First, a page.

up vote 1 down vote accepted

You should get the classes from the assemblies, then recursively get the property values and execute the methods. Here is some simple code that you should tailor according to your needs:

    public void ExecuteAssembly(string anAssemblyName)
    {
        Assembly assembly = Assembly.LoadFrom(anAssemblyName);

        foreach (Type type in assembly.GetTypes())
        {
            if (type.IsClass)
            {
                TypeAttributes atts = type.Attributes;
                if ((atts & TypeAttributes.Sealed) != 0) // identify the static classes
                    ExecuteEverything(type);
            }
        }
    }

    private void ExecuteEverything(Type type)
    {
        // get only the public STATIC properties and methods declared in the type (i.e. not inherited)
        PropertyInfo[] props = type.GetProperties(BindingFlags.Public | BindingFlags.Static | BindingFlags.DeclaredOnly);
        MethodInfo[] meths = type.GetMethods(BindingFlags.Public | BindingFlags.Static 
            | BindingFlags.DeclaredOnly);
        // execute the methods which aren't property accessors (identified by IsSpecialMethod = true)
        foreach (MethodInfo aMeth in meths)
            if (!aMeth.IsSpecialName)
                Execute(aMeth, type);
        // for each property get the value and recursively execute everything
        foreach (PropertyInfo aProp in props)
        {
            object aValue = aProp.GetValue(type, null);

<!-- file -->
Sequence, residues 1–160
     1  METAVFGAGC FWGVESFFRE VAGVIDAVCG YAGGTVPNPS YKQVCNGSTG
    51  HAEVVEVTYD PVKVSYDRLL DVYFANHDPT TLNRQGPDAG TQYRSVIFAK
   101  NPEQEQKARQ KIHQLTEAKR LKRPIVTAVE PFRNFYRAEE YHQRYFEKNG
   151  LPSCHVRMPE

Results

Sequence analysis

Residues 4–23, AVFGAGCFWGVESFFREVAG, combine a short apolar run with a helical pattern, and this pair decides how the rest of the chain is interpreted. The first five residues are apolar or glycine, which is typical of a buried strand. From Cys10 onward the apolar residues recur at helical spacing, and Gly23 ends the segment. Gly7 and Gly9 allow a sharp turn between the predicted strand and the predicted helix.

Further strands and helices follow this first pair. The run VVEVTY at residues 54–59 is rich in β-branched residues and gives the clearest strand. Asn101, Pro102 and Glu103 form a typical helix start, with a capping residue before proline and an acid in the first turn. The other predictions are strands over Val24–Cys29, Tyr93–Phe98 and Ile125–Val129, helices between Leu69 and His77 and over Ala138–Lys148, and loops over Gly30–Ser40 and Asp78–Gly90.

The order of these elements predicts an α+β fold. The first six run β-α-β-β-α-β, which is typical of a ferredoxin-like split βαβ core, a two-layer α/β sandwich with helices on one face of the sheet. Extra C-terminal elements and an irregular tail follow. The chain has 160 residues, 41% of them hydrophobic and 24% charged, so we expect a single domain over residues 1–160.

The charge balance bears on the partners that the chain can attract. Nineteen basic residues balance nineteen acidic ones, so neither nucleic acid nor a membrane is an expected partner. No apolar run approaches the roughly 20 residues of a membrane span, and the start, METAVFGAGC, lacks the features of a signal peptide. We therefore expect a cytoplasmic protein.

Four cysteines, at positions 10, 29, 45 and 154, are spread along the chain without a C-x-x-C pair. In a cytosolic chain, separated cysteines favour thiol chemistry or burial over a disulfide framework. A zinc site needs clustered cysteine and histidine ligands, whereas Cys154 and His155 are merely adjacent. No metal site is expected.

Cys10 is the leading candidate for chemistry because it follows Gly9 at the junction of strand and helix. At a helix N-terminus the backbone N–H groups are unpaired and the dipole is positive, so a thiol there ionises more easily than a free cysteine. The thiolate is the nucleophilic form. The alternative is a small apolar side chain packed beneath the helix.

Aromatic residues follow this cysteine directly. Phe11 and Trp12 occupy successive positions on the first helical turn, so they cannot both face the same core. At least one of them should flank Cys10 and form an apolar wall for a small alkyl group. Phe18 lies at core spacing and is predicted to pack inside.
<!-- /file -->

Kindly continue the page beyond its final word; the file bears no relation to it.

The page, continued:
if (aValue != null)
                RecursivelyExecuteEverything(aValue);
        }
    }

    private void RecursivelyExecuteEverything(object aValue)
    {
        Type type = aValue.GetType();
        // get only the public INSTANCE properties and methods declared in the type (i.e. not inherited)
        PropertyInfo[] props = type.GetProperties(BindingFlags.Public | BindingFlags.Instance | BindingFlags.DeclaredOnly);
        MethodInfo[] meths = type.GetMethods(BindingFlags.Public | BindingFlags.Instance
            | BindingFlags.DeclaredOnly);
        // execute the methods which aren't property accessors (identified by IsSpecialMethod = true)
        foreach (MethodInfo aMeth in meths)
            if (!aMeth.IsSpecialName)
                Execute(aMeth, aValue);
        // for each property get the value and recursively execute everything
        foreach (PropertyInfo aProp in props)
        {
            object newValue = aProp.GetValue(aValue, null);
            if (newValue != null)
                RecursivelyExecuteEverything(newValue);
        }

    }

    private void Execute(MethodInfo aMeth, object anObj)
    {
        // be careful that here you should take care of the parameters. 
        // this version doesn't work for Method2 in Service2, since it 
        // requires an int as parameter
        aMeth.Invoke(anObj, null);
    }
share|improve this answer
1  
BTW, more readable way to check a flag is to use HasFlag(), instead of & and comparing with 0. –  svick Sep 13 '12 at 13:18
    
Exactly what I was looking for. Thank you ! By the way, the suggestion made by Tony Hopkinson of using attibute in the "Service" class is really great in this situation. –  Sim Sep 13 '12 at 22:11